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When symptoms do present, the most common signs (for both men and women) include:
- A greenish or yellowish discharge from the penis or vagina
- Pain when urinating
There are some there symptoms that are gender dependent.
Symptoms presented by women only:
- Bleeding in between periods
- Bleeding after vaginal intercourse (this symptom is relatively rare)
- Pain in the lower abdomen area (this symptom is relatively rare)
It is also possible for a mother to pass the disease on to her baby during childbirth.
Symptoms presented by men only:
- Inflammation (sometimes accompanied by swelling) of the foreskin of the penis
- Testicular pain (this symptom is relatively rare)
Seeking medical advice
If you present any of the symptoms referred to above, and you believe it is possible you may have been sexually involved with someone who already has the disease, it is important that you seek urgent medical advice. The same is true even if you have not presented symptoms, but you are suspicious that you may have been infected. If you have experienced symptoms but they have disappeared, you should still get tested.
What a test for gonorrhoea involves
While generally the same in terms of intent, the tests for gonorrhoea are slightly different for men and women, due their anatomical differences.
Tests for women
A medical practitioner or clinician will collect a sample of discharge from the vagina or cervix (the entrance to the womb) using a swab. A sample is sometimes also collected from the urethra. In some instances, a woman may be asked to collect a sample from inside of the vagina herself. It is not usual for women to be asked to provide a urine sample, but this may happen in some cases.
Tests for men
A medical practitioner or clinician will collect a sample of discharge from the tip of the penis using a swab. It is also usual for a sample of urine to be collected. If a urine sample is requested, (and it usually is), it is important that the donor should not have urinated in the 2 hours preceding the test. This is because passing urine can temporarily flush the bacteria out, distorting the results of the test.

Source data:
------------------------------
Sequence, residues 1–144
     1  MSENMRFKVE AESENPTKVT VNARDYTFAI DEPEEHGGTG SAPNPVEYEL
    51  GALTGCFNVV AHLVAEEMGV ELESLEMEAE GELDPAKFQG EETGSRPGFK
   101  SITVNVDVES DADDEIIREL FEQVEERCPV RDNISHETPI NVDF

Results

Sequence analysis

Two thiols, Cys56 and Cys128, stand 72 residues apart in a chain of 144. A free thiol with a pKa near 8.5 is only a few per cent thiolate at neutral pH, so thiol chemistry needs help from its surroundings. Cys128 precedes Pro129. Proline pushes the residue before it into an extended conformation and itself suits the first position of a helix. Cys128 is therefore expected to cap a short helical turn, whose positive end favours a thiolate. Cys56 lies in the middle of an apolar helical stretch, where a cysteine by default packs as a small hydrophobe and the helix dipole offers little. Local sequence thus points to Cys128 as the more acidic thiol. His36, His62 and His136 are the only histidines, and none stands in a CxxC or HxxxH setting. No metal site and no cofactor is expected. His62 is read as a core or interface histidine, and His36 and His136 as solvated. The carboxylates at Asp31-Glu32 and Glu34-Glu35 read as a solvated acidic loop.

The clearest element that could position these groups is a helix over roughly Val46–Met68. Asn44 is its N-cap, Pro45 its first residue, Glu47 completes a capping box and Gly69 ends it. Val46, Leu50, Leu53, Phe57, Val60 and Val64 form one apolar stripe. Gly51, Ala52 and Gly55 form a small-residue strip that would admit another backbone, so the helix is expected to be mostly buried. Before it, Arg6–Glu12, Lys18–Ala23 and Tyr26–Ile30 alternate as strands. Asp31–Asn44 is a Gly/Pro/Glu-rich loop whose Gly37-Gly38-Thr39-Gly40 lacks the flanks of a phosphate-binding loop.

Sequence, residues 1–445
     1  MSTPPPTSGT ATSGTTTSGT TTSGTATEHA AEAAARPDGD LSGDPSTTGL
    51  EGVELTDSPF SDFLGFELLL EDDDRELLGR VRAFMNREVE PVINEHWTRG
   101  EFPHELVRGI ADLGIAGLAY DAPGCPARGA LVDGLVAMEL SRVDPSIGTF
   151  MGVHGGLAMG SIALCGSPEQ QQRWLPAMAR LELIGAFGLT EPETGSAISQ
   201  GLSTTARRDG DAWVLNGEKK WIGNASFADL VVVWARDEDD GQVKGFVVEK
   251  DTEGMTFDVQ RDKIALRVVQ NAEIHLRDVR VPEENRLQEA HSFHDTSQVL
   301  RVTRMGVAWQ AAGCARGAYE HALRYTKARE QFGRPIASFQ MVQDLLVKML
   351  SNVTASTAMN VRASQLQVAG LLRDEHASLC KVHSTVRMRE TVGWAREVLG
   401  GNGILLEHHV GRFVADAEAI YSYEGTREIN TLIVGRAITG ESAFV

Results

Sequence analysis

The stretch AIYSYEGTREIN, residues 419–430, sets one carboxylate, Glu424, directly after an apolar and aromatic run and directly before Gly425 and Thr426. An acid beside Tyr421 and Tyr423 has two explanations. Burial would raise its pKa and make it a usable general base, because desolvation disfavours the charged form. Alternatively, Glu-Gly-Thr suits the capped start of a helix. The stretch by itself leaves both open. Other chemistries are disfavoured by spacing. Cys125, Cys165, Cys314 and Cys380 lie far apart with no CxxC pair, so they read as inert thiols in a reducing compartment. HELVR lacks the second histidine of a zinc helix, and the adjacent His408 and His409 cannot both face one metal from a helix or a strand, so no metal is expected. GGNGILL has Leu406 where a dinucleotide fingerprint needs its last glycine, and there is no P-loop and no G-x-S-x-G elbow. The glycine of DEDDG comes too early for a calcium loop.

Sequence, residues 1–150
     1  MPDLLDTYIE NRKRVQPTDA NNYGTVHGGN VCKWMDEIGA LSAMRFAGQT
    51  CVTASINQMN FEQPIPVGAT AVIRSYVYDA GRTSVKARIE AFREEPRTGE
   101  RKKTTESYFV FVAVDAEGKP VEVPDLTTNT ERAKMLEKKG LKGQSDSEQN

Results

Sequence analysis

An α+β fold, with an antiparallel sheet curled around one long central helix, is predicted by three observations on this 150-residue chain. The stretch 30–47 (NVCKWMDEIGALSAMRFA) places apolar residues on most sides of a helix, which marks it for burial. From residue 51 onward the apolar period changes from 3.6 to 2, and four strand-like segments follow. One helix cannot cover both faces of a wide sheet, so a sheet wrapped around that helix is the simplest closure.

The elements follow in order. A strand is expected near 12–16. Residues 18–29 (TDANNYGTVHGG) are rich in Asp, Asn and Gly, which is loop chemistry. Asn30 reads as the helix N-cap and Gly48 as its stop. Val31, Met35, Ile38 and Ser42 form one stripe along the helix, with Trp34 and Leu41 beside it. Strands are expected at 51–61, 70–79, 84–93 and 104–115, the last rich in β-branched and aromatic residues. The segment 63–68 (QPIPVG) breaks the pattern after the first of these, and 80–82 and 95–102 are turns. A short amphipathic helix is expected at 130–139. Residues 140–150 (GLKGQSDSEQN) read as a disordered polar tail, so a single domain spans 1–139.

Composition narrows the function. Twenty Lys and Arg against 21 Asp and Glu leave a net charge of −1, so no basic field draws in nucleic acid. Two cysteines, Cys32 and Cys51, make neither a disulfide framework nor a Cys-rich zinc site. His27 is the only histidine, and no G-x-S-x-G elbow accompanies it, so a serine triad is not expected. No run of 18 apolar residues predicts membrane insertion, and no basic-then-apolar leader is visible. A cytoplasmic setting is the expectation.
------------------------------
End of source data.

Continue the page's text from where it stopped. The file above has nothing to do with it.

Testing other body areas in both men and women
If you believe other body parts many have been infected, (the throat, rectum, or eyes), advise the clinician performing the test so that he/she can take a sample from these areas too.
Obtaining test results
Depending on the nature of the establishment you attend for the test, and the equipment that they possess, the speed of delivery of test result varies. If the clinic has a microscope, and checks the test results on the premises, the result will be given immediately. If the sample is sent away for analysis, test results can take up to 2 weeks.
Where to go for a gonorrhoea test
There are several establishments you can go to in order to be tested for gonorrhoea. These include:
- A GUM (Genitourinary medicine) clinic – often referred to as a sexual health clinic
- Your family doctor
- A contraceptive clinic
- A private clinic
Our London sexual health clinic that offers private STD tests in London via walk-in service whereby it is not necessary to make a prior appointment.